Small businessman questions Obamacare fees

Mike Mitternight, a small-business owner in Metairie, said he fears that costs and fees charged next year to insurance companies as part of the Affordable Care Act health care law will be passed on to and devastate mom-and-pop businesses.

“We’ve always provided health insurance for our employees. In fact, we pay 100 percent of the premiums,” said Mitternight, who owns an installation and maintenance contracting company.

Mitternight said his health insurance costs had been increasing, when he was warned that next year Obamacare could indirectly bring premium rate increases of up to 40 percent for his business.

“That’s something that we just can’t handle,” Mitternight said. “When you start looking at something like this sort of increase, it’d be devastating to us.”

That is why Mitternight is helping Rep. Charles Boustany, R-Lafayette, and the National Federation of Independent Businesses tout Boustany’s “Jobs and Premium Protection Act” to repeal the fees.

As part of funding the Patient Protection and Affordable Care Act, the federal government next year will start charging a new fee, commonly called the health insurance tax or “HIT,” on health insurance companies for the plans they sell to businesses and individuals. The fee affects that so-called fully insured market, but exempts the larger businesses that mostly set up and offer health insurance plans — the self-insured market.

Because of those exemptions, Boustany and other critics contend that the costs on the insurance companies would be passed on to the small businesses that are most vulnerable in an already uneasy economy.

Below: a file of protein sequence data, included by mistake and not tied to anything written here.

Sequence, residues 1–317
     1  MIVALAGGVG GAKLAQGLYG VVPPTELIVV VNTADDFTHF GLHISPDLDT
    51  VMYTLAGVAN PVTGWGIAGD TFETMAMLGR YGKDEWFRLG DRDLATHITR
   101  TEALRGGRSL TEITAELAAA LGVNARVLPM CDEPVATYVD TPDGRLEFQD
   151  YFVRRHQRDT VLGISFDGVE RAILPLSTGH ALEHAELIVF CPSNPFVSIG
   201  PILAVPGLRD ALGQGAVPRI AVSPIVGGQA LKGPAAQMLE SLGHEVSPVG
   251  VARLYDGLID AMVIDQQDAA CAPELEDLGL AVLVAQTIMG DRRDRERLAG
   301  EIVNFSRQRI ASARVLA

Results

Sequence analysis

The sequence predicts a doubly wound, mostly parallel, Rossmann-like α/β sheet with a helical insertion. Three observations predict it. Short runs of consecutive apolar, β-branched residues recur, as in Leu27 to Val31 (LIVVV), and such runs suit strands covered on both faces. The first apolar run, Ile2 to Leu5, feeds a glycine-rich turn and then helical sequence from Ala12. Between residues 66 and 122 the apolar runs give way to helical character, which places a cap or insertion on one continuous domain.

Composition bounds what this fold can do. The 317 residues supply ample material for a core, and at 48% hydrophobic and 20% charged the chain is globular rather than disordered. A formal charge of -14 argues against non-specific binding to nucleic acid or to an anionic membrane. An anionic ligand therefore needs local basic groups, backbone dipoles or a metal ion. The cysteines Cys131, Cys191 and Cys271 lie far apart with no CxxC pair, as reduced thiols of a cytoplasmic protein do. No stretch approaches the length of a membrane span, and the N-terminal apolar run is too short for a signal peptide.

“The health insurance tax under Obamacare is a very burdensome tax that’s going to run up costs in providing health insurance in the form of premiums for small-business owners, for individuals,” Boustany said. “We heard on average it’s going to be about a $500 per employee cost (per year). That’s significant.”

Boustany said HIT over 10 years is a $102 billion “tax increase on small business when we have high unemployment.”

HIT will “hit the economy like a ton of bricks,” he said.

Boustany and Rep. Jim Matheson, D-Utah, have the lead on the bill, which now has 225 total cosponsors. So Boustany said he is optimistic that support would convince the GOP House leadership to start moving the bill shortly.

While Boustany said he wants to repeal all of Obamacare, he said this is an onerous fee that many Democrats also oppose and could potentially find support in the Democratic-controlled Senate. Boustany said he has not yet decided how to propose offsetting the loss of revenues for the Affordable Care Act in the bill.

While Boustany is convinced his bill is finding bipartisan support, the House on Wednesday approved bills to delay both the individual and employer mandates of the health care law.

Such bills are not expected to see any movement in the Senate now that the House has voted to repeal, defund or delay the Affordable Care Act nearly 40 times.

Thursday’s House votes came two weeks after the Obama administration decided to delay by one year the employer mandate of requiring businesses with 50 or more full-time employees to offer them insurance. The administration contended the delay would help give businesses more time to prepare for the implementation.

Rep. Cedric Richmond, D-New Orleans, criticized the Republican House leadership for continuing to try to destroy a law that could remain in effect as long as Democrats control the Senate and Barack Obama is president.

“To quote Gen. (Russel) Honoré after (Hurricane) Katrina, ‘They’re stuck on stupid,’ ” Richmond said. “We’re stuck on things that are going nowhere — that the Senate won’t even entertain.”

Richmond contends the Affordable Care Act already insures more people.

“It’s going to drive down insurance costs,” he said.

If lawmakers want what is best for the nation, Richmond said, then they should all be “praying” for the health care law to work as intended.